Plan to shift Metro oversight rejected by U.S. Transportation Department

WASHINGTON – The U.S. Department of Transportation has rejected a proposal to shift oversight of Metro, claiming it would lead to complications and delays.

The move comes a little over a week after National Transportation Safety Board Chairman Christopher Hart unveiled a plan to improve Metro safety by shifting oversight to the Federal Railroad Administration.

“The NTSB found little improvement in WMATA’s safety oversight since the 2009 Metrorail accident in Fort Totten that killed nine people,” Hart wrote.

Under the Federal Railroad Administration, Metro would need to be classified as a “commuter railroad,” which would lead to tougher penalties and regulations.

But in a statement emailed to WTOP on Friday, Department of Transportation spokeswoman Suzanne Emmerling said the agency “does not believe that the NTSB recommendation is either the wisest or fastest way to bring about the necessary safety improvements.”

Emmerling said that the department agreed that urgent action is needed, but she said transportation officials believe “there is an even more effective and faster way to achieve the safety goals we all share.” She added that the NTSB recommendation “would unnecessarily complicate and delay safety improvements.”

Emmerling continues: “We take all recommendations of the NTSB seriously, but in this case, the NTSB is recommending shifting safety oversight from one agency to another. And these agencies have different authorities and areas of expertise. The NTSB is not wrong to assert that urgent action is needed; we just believe that there is an even more effective and faster way to achieve the safety goals we all share.”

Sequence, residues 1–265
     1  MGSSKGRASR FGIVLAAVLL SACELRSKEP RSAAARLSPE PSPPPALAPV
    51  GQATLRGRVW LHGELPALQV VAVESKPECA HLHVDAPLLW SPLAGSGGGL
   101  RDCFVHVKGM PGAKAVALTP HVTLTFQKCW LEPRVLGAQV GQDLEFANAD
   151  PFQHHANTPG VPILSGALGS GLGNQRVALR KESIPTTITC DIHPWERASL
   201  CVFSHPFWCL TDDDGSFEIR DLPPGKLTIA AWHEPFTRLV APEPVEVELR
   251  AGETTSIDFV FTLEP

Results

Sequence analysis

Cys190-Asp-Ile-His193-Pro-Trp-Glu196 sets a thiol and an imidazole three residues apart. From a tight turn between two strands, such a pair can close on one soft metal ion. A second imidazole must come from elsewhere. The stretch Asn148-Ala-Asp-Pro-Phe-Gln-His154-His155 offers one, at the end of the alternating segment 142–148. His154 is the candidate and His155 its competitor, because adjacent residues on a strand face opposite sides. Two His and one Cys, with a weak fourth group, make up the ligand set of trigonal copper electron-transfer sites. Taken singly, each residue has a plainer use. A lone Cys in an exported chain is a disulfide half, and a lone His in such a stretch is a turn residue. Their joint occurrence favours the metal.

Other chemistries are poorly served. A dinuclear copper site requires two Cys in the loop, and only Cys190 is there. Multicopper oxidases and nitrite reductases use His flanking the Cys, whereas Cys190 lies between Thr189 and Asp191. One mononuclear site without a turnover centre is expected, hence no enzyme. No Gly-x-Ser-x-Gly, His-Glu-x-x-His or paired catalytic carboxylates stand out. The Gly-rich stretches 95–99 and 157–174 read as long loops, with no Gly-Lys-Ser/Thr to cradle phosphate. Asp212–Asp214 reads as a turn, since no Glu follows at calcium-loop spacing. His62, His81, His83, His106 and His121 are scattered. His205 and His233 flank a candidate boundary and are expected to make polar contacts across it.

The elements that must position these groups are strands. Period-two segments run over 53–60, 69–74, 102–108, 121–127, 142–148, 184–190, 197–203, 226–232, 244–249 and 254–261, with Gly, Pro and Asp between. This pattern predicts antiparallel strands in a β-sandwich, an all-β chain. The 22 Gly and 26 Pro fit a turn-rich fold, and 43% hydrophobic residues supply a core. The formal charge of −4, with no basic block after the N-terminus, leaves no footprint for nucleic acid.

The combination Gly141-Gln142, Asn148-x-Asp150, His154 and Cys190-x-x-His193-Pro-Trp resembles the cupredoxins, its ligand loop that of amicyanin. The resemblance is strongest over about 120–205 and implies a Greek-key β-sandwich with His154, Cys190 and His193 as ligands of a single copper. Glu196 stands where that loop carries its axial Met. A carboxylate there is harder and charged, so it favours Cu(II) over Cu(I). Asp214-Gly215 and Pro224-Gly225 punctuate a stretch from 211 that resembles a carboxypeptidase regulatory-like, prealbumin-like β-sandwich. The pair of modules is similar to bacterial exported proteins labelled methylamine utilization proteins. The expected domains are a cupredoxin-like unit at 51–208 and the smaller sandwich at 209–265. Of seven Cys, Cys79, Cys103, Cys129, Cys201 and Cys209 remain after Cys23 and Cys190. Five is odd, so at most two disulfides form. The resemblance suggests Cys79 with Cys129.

When Hart released the NTSB proposal, he said the current oversight body, the Tri-State Oversight Committee, was inadequate.

“The [Tri-State Oversight Committee] lacks the power to issue orders or levy fines and has no regulatory or enforcement authority,” Hart wrote.

According to Emmerling’s statement, U.S. Transportation Secretary Anthony Foxx is working on a different proposal that would focus on strengthening “state oversight of Metro.”

U.S. Rep. Gerry Connolly, D-Va., said that he  fully supports the NTSB recommendation and that he hoped Foxx reconsiders his position.

“My concern is that this may represent bureaucratic turf battles within the Department of Transportation,” Connolly says. “I hope that (Foxx) will, upon reflection, come up with a plan that is equally effective or yield to the NTSB recommendation.”

Connolly says the safety issue on Metro has reached a “serious boiling point” and it needs to be addressed “very swiftly.”

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